Friday, February 28, 2014

Social Security Pension, CPP, QPP, and OAS From Canada and USA

If you worked in Canada and the USA and paid into government pension schemes (Canada Pension Plan, Quebec PP, and US Social Security), you should know that these governments coordinate their retirement pensions for your benefit.  There is a treaty that governs this coordination and how you are taxed on the payments.

This means that:

  • Each country gives you credit for your years or quarters of work when looking at pension entitlement.  This means that you could get a partial US social security pension, even if you worked less than the 40 quarters required for Social Security.
  • You could get pension payments from both governments, say your CPP and a US social security pension.
  • You could get Canadian Old Age Security (OAS) on top of your CPP.  This is especially advantageous if you live in the USA as the treaty does not allow the Canadian government to claw back OAS if you live in the USA.
  • If you live in the USA, your CPP and OAS will not be taxed by Canada and may get the same advantageous tax treatment as US social security. 
  • On the downside, your Canadian work experience does not count towards US Medicare once you turn 65.  If you and your spouse do not meet the strict rules for government-paid Medicare, you will have to purchase it from the government or find other medical insurance.
  • Another downside is that you have to deal with varying exchange rates, the governments are not going to make you whole if one currency or the other gets devalued.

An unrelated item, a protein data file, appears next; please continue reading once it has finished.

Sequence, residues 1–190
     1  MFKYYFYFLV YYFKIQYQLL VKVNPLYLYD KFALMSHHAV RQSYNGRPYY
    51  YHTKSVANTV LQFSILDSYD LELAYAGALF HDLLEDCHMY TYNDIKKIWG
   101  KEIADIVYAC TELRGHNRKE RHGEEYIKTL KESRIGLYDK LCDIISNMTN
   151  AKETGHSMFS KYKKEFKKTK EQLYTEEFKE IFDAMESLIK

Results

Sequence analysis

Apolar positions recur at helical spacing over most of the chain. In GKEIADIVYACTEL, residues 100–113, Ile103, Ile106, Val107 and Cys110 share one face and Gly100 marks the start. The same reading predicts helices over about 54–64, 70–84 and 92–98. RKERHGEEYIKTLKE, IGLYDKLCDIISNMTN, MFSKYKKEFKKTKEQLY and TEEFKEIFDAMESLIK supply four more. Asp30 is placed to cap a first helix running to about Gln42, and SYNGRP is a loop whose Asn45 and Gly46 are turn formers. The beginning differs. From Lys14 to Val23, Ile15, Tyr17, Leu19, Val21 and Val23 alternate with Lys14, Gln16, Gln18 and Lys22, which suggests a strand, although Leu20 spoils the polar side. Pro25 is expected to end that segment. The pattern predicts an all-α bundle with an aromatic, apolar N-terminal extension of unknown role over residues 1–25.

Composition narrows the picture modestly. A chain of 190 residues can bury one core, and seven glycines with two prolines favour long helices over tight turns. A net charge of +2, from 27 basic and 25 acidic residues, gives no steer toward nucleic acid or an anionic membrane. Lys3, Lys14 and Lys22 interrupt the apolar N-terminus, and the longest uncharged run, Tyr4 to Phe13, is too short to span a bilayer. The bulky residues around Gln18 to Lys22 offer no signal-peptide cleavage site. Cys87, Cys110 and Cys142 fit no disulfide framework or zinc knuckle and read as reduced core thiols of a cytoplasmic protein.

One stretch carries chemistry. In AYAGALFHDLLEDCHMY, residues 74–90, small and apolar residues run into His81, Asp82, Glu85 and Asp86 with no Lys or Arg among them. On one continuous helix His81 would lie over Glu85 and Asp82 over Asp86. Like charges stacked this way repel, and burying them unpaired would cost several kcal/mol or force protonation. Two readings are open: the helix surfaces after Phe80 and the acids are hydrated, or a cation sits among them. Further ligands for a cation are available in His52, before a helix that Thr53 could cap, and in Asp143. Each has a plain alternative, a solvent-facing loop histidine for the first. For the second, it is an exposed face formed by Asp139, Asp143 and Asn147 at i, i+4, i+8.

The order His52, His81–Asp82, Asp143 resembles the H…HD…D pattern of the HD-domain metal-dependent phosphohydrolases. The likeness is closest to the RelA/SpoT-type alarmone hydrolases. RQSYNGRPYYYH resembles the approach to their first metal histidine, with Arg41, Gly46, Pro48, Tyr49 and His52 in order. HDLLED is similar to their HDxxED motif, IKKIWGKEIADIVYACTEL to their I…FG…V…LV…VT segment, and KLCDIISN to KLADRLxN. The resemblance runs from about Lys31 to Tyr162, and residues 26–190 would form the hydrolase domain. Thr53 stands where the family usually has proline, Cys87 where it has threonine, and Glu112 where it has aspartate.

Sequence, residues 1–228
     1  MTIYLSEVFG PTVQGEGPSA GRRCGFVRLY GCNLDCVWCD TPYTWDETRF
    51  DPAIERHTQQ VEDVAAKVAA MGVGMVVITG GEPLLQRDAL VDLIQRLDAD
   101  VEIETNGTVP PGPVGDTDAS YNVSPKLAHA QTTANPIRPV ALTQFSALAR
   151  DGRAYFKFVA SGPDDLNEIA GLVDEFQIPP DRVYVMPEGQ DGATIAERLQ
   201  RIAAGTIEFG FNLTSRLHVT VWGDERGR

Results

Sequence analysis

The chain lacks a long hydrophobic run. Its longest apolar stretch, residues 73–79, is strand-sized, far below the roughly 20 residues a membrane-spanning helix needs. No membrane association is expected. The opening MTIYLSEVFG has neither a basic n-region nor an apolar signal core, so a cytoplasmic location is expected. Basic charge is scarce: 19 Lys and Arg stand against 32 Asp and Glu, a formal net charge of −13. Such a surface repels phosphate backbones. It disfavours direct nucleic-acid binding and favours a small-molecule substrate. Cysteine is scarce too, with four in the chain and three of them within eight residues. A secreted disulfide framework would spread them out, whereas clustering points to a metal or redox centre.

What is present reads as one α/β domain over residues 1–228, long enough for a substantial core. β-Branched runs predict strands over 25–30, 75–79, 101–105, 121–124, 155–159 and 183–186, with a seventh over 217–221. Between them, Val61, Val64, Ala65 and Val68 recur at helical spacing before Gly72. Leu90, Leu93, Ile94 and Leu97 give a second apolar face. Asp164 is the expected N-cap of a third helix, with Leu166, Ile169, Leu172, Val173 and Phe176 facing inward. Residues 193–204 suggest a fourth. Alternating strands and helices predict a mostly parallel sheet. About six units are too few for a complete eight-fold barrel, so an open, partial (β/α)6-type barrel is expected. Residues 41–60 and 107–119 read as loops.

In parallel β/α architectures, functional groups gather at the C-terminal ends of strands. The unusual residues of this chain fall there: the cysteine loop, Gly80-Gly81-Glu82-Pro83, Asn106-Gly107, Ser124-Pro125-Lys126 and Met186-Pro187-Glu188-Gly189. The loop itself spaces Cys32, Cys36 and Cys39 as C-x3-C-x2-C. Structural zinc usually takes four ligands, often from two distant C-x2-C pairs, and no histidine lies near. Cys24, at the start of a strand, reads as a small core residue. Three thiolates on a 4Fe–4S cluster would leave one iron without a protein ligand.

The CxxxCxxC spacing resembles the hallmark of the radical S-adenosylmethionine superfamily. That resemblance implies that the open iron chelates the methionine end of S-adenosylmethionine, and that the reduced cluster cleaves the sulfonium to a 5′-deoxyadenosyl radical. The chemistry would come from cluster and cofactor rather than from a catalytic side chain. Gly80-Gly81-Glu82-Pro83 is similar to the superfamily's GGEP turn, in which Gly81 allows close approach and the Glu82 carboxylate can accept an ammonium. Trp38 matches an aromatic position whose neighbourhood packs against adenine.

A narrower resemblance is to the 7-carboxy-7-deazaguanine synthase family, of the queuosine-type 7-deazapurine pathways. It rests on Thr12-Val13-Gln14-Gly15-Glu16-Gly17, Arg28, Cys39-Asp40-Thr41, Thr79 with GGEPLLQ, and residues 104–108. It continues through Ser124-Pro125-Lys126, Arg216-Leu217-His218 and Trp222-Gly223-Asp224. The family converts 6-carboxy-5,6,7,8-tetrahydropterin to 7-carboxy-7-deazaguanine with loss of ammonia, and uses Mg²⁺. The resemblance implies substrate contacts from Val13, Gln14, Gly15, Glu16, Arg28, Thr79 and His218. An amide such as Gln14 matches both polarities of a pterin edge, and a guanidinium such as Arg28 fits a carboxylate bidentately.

How do you go about getting your US and Canada pensions?  You need to apply to both US Social Security and Canadian CPP and OAS, and make sure you fill out the sections on working in the other country.  Keep copies and send in your forms as instructed.  Following the general theme of their respective governments, as mentioned previously:
  1. The US process will be long and the civil servants will not be sure how to help you.  It may take over a year for them to figure out how much to pay you.  Remember, in the US, we do not like to fund our government services with taxes and it shows in the service you get.
  2. The Canadian process will be quick and the civil servants will be well trained on how to handle your claim.  You can even get direct deposit to a US bank.  Recall that Canadians pay heavy taxes and government services are a priority to Canadians.
I hope this helps you get all the benefits that you earned over your lifetime.

Thursday, February 27, 2014

What is the Best Portfolio Allocation Immediately Prior to Retirement?

What should you allocate to stocks and bonds just prior to retirement, say, in the last 2 to 3 years of work?  This is a question that all of us without lucrative defined benefit pensions will have to confront at some point.